The city of Santa Clarita is being sued over civil rights discrimination, said Santa Clarita City Attorney Joe Montes.
The lawsuit contends that the city’s system of at-large elections provides for a “lack of access” to Latino voters, who have never been represented on Santa Clarita’s City Council.
“We just received the complaint,” Montes said, noting that the lawsuit was filed June 20 and the city was served Wednesday.
“We’re analyzing it – we’ll be briefing the council at an upcoming meeting, and beyond that, we don’t have any comment at this time,” he said.
The plaintiffs, listed as Jim Soliz and Rosemarie Sanchez-Fraser, are represented by Mayor R. Rex Parris of Lancaster, who filed a similar suit against Palmdale.
The lawsuit is being brought for “a violation of the Voting Rights Act of 2001,” according to the lawsuit.
“The effects of the city’s at-large method of election are compelling,” the lawsuit states. “Despite a Latino population of approximately 30 percent in the city of Santa Clarita, no Latino has ever been elected to Santa Clarita’s City Council.”
This is a result of “a lack of access,” according to the suit.
The California Voting Rights Act essentially expands upon the federal Voting Rights Act of 1965, portions of which were recently deemed constitutional.
When reached for comment, city spokeswoman Gail Ortiz referred KHTS to Montes.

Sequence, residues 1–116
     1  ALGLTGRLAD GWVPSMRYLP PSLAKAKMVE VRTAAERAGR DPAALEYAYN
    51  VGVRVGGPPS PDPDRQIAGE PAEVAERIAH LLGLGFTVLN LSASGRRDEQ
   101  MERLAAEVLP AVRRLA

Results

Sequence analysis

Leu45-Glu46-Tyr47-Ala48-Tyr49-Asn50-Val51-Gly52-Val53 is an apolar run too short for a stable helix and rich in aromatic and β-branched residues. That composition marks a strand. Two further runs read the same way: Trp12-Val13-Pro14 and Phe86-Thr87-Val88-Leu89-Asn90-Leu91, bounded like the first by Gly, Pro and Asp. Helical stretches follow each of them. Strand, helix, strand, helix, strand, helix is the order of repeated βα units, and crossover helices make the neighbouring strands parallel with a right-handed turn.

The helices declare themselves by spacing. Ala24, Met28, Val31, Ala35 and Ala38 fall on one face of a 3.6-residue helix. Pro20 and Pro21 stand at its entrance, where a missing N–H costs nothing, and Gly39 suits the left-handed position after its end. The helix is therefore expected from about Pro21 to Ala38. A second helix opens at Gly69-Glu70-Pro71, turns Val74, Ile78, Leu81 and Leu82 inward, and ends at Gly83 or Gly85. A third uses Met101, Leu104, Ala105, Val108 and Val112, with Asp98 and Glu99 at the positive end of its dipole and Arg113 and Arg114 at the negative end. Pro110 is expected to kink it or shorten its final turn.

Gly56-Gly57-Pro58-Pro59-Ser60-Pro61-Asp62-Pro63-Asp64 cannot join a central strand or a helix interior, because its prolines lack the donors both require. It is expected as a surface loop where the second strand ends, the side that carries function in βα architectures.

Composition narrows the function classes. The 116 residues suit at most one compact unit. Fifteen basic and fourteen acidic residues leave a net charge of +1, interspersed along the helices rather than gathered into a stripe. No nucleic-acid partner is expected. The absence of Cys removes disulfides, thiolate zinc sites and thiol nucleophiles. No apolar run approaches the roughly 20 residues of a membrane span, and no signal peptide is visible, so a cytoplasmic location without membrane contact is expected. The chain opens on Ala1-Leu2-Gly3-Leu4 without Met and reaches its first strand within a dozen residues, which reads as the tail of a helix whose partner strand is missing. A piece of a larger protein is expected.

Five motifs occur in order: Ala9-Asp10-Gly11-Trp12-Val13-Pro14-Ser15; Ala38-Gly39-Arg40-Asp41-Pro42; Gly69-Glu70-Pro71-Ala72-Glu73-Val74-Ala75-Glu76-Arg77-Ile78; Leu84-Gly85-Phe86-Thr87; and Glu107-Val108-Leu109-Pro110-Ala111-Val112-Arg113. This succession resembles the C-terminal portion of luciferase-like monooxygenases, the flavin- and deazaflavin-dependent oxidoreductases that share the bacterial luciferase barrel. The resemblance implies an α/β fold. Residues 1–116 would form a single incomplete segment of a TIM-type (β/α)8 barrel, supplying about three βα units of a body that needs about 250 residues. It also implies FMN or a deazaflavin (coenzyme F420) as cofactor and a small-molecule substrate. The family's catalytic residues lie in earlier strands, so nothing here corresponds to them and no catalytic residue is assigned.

The lawsuit seeks injunctive relief barring the city from continuing its procedure of at-large elections.
Local school elections recently sought to change their election times in concerns over a similar lawsuit.
The Saugus Union School District voted 4-1 to move elections, a vote voided by the county’s decision.
However, the Los Angeles County Board of Supervisors recently nixed the move, citing too great of an expense because the county was not equipped to handle so many elections at once.
The Santa Clarita City Council’s next election will be held in April 2014. The elections take place every two years.
Mayor Bob Kellar, Mayor Pro Tem Laurene Weste, City Council members Marsha McLean, Frank Ferry and TimBen Boydston are all white.
The plaintiffs are registered voters and Latinos who are protected under the California Voting Rights Act, according to the legislation.
The states covered by the Supreme Court’s recent decision on the Voter Rights Act of 1965, which is what the CVRA is based on, are Alabama, Alaska, Arizona, Georgia, Louisiana, Mississippi, South Carolina, Texas and Virginia.
The future of the law in Congress is far from clear.
However, one pundit said it’s “unimaginable” that the Republican-controlled House would determine that, for example, Louisiana still harbors so much racism that it must subject its voting laws to federal approval.